you_can_playWe’ve all been there.

A fit of anger or weariness at the end of a long day leads to a tweet or a Facebook posting that you immediately want to not just delete but pull back so no one else can see it.

Most of us can coast by with just a delete and not be any worse for wear. But Bruins forward Tyler Seguin has more than 240,000 followers. So when he absentmindedly tweeted a comment that could be translated as a homophobic slur earlier this week, it caught a lot of people’s attention — including Patrick Burke at the You Can Play Project.

Seguin and Burke, who took to twitter tamp down the controversy in the immediate aftermath, had a cordial meeting this week.

“I didn’t know what to expect. But it was better than any expectations,” Seguin said. “He’s a good guy and he kind of gave me more of an overview of the whole program, which I had no idea about. I’m looking to get involved once the playoffs are over.”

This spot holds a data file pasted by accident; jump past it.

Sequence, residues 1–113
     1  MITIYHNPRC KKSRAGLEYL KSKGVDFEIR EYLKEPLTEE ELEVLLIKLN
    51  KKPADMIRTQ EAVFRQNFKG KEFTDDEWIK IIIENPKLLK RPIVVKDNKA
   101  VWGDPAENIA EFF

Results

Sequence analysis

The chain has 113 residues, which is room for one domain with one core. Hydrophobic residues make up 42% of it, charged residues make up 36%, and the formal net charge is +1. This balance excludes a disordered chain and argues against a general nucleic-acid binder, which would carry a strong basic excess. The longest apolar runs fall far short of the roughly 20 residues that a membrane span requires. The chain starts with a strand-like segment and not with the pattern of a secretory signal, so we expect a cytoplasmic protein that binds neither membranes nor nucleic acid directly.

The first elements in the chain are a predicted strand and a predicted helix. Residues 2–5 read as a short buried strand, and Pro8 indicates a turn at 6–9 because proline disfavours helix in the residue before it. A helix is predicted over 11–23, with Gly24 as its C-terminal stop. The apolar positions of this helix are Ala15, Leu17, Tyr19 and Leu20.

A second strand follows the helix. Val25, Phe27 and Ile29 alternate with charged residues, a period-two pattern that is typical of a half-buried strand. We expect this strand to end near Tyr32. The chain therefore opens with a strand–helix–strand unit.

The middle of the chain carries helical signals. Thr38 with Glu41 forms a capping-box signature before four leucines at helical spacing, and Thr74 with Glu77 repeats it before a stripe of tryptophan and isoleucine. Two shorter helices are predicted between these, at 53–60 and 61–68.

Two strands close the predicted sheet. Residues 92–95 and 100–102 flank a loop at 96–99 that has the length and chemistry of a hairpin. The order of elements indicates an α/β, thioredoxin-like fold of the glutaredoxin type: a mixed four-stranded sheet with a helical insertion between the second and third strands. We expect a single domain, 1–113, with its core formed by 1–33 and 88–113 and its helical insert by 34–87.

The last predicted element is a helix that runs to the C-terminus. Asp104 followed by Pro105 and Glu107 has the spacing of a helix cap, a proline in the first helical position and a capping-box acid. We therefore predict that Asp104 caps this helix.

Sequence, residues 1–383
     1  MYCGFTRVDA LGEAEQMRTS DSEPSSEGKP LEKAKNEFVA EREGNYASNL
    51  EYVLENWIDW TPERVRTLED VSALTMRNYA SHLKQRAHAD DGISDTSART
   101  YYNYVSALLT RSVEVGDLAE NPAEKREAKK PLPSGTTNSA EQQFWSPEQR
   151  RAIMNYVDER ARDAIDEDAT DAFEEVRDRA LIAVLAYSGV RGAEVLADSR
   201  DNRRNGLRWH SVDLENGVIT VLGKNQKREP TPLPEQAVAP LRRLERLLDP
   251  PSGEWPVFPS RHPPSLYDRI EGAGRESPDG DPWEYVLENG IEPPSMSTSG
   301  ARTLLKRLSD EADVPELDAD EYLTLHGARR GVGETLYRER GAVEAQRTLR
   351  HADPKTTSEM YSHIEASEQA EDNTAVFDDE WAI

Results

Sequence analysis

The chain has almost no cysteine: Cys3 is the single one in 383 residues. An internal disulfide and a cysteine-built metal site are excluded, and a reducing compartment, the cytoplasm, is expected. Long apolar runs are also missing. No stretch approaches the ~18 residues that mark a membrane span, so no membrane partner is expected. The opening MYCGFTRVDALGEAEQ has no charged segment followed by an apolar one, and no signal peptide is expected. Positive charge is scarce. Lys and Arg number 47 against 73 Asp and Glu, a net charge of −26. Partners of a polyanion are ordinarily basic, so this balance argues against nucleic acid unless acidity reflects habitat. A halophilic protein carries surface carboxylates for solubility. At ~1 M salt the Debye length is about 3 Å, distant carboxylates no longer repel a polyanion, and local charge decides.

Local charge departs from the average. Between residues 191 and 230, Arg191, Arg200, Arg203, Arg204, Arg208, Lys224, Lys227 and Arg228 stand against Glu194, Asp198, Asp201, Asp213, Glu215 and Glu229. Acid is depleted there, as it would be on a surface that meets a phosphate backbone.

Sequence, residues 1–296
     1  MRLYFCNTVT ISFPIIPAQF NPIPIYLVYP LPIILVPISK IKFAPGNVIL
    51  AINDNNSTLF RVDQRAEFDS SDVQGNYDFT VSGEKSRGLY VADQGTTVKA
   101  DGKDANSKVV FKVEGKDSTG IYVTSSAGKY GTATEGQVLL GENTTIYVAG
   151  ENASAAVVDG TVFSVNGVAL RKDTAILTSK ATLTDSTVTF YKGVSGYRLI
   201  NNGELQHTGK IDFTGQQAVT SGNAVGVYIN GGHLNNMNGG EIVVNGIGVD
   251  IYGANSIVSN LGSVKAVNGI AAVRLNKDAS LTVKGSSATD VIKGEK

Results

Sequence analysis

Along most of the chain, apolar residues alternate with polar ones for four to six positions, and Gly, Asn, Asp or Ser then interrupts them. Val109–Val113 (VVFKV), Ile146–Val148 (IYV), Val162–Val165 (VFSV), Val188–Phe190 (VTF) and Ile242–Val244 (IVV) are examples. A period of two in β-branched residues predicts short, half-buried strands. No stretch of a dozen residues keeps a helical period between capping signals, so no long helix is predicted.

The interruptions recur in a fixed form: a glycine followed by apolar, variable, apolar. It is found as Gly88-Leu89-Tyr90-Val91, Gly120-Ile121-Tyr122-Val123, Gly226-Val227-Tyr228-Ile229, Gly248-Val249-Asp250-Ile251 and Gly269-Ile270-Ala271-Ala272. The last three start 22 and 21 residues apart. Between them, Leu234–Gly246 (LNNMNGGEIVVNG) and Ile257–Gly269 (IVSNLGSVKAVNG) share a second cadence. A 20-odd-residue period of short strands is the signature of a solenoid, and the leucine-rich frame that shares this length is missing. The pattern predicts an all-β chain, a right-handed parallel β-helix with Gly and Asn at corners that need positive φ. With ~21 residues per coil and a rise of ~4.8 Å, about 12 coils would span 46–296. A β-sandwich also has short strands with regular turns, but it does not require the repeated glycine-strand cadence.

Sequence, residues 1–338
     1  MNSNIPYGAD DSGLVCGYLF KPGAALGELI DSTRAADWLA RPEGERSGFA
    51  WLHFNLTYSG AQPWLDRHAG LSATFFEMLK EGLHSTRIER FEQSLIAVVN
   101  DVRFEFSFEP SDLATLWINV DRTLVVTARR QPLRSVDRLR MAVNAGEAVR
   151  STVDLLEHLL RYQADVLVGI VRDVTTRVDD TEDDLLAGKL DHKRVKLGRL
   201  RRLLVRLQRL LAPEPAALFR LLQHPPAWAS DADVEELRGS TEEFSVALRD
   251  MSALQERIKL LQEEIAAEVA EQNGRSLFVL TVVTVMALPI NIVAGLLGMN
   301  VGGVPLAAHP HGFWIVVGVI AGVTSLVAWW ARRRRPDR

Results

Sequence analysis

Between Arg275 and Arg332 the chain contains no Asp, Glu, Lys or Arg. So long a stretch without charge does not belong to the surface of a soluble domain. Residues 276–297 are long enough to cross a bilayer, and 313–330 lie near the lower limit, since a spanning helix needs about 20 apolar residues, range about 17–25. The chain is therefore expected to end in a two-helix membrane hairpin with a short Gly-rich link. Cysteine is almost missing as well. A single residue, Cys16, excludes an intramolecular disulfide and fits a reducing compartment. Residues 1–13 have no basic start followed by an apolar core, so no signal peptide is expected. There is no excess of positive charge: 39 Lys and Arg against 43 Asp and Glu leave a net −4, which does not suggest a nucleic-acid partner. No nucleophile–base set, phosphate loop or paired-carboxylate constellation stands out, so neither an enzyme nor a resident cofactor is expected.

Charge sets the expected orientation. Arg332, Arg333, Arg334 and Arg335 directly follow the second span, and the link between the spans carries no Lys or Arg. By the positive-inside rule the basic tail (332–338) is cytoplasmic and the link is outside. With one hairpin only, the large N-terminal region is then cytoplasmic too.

“He advised me – it was very minor thing and very unintentional – so I made sure I sent him my apologies and we’re all moving on.”

The You Can Play Project has the following mission statement on its Web site:

You Can Play is dedicated to ensuring equality, respect and safety for all athletes, without regard to sexual orientation. You Can Play works to guarantee that athletes are given a fair opportunity to compete, judged by other athletes and fans alike, only by what they contribute to the sport or their team’s success. You Can Play seeks to challenge the culture of locker rooms and spectator areas by focusing only on an athlete’s skills, work ethic and competitive spirit.

Bruins captain Zdeno Chara is one of the many athletes across the sporting world who’ve made videos in support of You Can Play. Now it can count Seguin as a supporter and as a person who’s a little more educated today because of the project.

“Yeah, he [Burke] told me his own personal stories about it and what not. And I do have a few friends that are gay, so I know the lifestyle and I know sometimes with athletes a lot of chirping goes on,” Seguin said. “I think with myself, it was kind of late at night, just talking with my buddies, sometimes I forget that I’m on Twitter in front of a quarter-million people and not just talking to my friends.

“It’s just another learning experience.”